I’ve been alone now for two years.
In many ways, I’m content with that. I have no restrictions on my schedule. I can do whatever I want, whenever I want to do it. I can make last minute plans to attend a ghost hunt. I can write until the wee hours of the morning. And I never have to compromise.
I remember when I first was divorced, nearly eight years ago. After being married for almost twenty years, I felt a combination of emotions that pushed together like tidal waves of oil and water merging in a torrid ocean. I could decorate the house however I wanted, but I had to learn how to do my own income taxes. I could spend all day on the sofa, watching sappy movies with no one to berate me, but I had to also mow the yard and clean out the gutters. I could climb into bed after an endlessly exhausting day with no one else’s needs to consider except for my own, which meant sleep and only sleep, but I would sleep by myself. And when I had great news, I’d have to celebrate alone.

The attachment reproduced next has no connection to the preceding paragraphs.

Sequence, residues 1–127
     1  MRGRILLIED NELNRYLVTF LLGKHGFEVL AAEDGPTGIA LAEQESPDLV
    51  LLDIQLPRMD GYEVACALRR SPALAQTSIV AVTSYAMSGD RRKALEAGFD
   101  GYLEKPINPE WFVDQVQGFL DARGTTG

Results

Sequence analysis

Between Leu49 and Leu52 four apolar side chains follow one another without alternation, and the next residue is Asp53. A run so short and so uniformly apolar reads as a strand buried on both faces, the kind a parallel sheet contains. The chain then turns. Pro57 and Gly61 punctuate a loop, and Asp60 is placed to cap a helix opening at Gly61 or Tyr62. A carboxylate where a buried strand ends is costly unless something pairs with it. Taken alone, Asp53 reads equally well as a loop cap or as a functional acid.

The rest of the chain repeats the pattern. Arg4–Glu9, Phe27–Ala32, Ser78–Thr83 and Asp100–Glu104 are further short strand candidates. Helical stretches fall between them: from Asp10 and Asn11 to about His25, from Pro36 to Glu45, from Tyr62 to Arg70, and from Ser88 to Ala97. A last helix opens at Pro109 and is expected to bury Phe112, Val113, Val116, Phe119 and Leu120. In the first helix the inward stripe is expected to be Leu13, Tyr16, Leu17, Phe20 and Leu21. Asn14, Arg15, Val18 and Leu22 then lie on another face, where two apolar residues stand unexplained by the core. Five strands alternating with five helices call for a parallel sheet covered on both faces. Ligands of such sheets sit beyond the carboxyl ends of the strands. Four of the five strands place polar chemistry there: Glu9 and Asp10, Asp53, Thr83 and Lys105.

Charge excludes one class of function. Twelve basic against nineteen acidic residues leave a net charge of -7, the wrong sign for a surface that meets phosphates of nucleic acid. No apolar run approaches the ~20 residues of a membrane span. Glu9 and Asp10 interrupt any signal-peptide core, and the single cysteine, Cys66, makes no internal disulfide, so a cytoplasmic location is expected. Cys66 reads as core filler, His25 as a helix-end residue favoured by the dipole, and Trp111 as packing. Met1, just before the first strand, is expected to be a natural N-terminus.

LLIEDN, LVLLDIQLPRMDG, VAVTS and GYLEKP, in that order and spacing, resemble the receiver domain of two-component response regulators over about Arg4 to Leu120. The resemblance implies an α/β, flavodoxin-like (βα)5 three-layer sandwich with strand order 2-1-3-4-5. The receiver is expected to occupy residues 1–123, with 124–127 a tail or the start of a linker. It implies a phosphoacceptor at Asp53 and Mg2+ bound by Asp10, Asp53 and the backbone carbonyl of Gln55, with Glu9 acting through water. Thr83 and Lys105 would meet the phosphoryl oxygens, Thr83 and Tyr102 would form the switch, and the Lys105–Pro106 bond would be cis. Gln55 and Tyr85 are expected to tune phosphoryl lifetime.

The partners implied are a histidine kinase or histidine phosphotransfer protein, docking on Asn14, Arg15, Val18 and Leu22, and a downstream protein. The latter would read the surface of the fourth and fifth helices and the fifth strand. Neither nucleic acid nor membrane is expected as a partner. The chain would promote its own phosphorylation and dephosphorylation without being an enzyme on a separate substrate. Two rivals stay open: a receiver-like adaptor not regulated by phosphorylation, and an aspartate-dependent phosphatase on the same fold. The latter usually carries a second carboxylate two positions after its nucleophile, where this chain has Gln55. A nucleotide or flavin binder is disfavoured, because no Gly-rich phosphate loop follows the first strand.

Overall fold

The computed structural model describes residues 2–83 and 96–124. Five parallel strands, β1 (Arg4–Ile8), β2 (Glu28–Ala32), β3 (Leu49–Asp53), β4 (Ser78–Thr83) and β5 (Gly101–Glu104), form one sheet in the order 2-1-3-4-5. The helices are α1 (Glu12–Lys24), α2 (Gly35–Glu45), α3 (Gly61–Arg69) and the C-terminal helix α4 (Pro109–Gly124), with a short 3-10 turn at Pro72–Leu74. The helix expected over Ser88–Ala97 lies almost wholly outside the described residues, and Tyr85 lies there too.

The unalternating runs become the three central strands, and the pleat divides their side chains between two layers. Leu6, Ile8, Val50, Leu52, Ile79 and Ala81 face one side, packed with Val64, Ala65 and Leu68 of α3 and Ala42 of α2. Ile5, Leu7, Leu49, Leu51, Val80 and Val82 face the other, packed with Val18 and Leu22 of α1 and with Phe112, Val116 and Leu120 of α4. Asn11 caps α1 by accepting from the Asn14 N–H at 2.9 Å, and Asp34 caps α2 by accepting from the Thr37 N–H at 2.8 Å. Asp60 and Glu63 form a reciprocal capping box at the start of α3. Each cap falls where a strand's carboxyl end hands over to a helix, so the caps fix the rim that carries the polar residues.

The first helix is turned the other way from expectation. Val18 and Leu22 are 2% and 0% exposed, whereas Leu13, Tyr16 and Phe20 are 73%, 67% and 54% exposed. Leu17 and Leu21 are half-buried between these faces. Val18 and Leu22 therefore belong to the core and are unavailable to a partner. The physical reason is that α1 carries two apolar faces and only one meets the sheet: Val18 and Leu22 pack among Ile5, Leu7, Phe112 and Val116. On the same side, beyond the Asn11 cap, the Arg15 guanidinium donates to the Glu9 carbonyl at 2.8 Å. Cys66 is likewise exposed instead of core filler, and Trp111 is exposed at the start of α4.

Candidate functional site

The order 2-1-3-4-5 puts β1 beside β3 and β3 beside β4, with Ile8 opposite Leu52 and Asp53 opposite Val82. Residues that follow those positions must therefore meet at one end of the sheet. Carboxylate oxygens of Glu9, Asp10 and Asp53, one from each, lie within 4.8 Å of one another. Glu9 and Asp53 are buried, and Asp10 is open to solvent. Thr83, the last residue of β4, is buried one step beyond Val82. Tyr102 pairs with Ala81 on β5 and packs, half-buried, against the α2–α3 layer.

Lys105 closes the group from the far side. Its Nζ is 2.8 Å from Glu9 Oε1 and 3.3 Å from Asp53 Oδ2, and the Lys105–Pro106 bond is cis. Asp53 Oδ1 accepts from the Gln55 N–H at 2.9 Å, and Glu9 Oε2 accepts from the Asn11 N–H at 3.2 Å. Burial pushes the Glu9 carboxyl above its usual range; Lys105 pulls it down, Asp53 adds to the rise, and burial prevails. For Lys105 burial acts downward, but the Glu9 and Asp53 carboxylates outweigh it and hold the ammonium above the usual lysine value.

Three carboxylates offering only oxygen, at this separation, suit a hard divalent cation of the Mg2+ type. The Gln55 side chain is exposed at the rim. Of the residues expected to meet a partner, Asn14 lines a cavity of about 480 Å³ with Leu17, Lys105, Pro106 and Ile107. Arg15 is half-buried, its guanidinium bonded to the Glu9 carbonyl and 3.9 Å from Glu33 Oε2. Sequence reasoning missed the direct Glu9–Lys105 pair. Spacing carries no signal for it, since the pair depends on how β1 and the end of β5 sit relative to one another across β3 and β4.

After my divorce, it took me several years to build up the nerve to start dating again. The world had drastically changed during the nineteen years I was married. You no longer met people through friends and acquaintances; you met them on online dating sites. This was very terrifying, but horribly intriguing to me at the same time. I amusedly referred to it as “man shopping.”
And there was a plethora of them. Smiling ones, serious ones, dark-haired ones, bald ones. Some were looking for a companion to ride on the back of their motorcycles, like an attractive accessory, while others wanted a dining companion, or someone to make them laugh. At first, I naively bought into all of it. I read what they wrote and took it to be the truth. I learned the hard way that all is not what it seems. People lied. They posted outdated photos, they neglected to share essential information, like the fact that they were blue-goose crazy, or even worse…already married.